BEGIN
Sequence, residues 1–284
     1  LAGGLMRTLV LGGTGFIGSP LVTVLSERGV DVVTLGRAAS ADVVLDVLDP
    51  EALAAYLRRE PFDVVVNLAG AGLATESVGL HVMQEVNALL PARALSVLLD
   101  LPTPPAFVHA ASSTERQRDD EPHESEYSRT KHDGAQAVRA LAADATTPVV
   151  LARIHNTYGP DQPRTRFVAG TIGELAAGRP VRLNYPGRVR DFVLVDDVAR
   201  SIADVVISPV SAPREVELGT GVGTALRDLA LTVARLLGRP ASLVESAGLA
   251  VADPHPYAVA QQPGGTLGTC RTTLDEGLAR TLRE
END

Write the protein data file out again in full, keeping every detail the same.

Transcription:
Sequence, residues 1–284
     1  LAGGLMRTLV LGGTGFIGSP LVTVLSERGV DVVTLGRAAS ADVVLDVLDP
    51  EALAAYLRRE PFDVVVNLAG AGLATESVGL HVMQEVNALL PARALSVLLD
   101  LPTPPAFVHA ASSTERQRDD EPHESEYSRT KHDGAQAVRA LAADATTPVV
   151  LARIHNTYGP DQPRTRFVAG TIGELAAGRP VRLNYPGRVR DFVLVDDVAR
   201  SIADVVISPV SAPREVELGT GVGTALRDLA LTVARLLGRP ASLVESAGLA
   251  VADPHPYAVA QQPGGTLGTC RTTLDEGLAR TLRE